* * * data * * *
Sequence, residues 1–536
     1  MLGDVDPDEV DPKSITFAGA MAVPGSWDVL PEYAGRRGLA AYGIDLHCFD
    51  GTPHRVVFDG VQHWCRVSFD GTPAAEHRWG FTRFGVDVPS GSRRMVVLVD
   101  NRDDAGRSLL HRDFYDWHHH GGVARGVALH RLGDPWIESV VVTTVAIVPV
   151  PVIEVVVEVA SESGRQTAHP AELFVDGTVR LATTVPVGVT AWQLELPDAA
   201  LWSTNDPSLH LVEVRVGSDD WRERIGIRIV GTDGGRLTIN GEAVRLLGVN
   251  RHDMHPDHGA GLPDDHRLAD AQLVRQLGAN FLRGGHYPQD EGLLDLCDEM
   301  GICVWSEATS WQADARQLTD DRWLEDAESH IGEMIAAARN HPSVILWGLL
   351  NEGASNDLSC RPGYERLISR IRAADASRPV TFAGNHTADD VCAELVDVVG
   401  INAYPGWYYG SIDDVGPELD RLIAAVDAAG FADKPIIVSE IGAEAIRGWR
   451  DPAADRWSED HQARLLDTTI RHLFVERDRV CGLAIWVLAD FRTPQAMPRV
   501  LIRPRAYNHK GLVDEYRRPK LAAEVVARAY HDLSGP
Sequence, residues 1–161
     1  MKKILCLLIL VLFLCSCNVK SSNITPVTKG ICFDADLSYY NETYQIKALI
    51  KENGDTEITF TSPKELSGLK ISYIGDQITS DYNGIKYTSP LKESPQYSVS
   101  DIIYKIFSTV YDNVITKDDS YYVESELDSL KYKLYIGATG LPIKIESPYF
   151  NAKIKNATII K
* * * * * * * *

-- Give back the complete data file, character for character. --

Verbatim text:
Sequence, residues 1–536
     1  MLGDVDPDEV DPKSITFAGA MAVPGSWDVL PEYAGRRGLA AYGIDLHCFD
    51  GTPHRVVFDG VQHWCRVSFD GTPAAEHRWG FTRFGVDVPS GSRRMVVLVD
   101  NRDDAGRSLL HRDFYDWHHH GGVARGVALH RLGDPWIESV VVTTVAIVPV
   151  PVIEVVVEVA SESGRQTAHP AELFVDGTVR LATTVPVGVT AWQLELPDAA
   201  LWSTNDPSLH LVEVRVGSDD WRERIGIRIV GTDGGRLTIN GEAVRLLGVN
   251  RHDMHPDHGA GLPDDHRLAD AQLVRQLGAN FLRGGHYPQD EGLLDLCDEM
   301  GICVWSEATS WQADARQLTD DRWLEDAESH IGEMIAAARN HPSVILWGLL
   351  NEGASNDLSC RPGYERLISR IRAADASRPV TFAGNHTADD VCAELVDVVG
   401  INAYPGWYYG SIDDVGPELD RLIAAVDAAG FADKPIIVSE IGAEAIRGWR
   451  DPAADRWSED HQARLLDTTI RHLFVERDRV CGLAIWVLAD FRTPQAMPRV
   501  LIRPRAYNHK GLVDEYRRPK LAAEVVARAY HDLSGP
Sequence, residues 1–161
     1  MKKILCLLIL VLFLCSCNVK SSNITPVTKG ICFDADLSYY NETYQIKALI
    51  KENGDTEITF TSPKELSGLK ISYIGDQITS DYNGIKYTSP LKESPQYSVS
   101  DIIYKIFSTV YDNVITKDDS YYVESELDSL KYKLYIGATG LPIKIESPYF
   151  NAKIKNATII K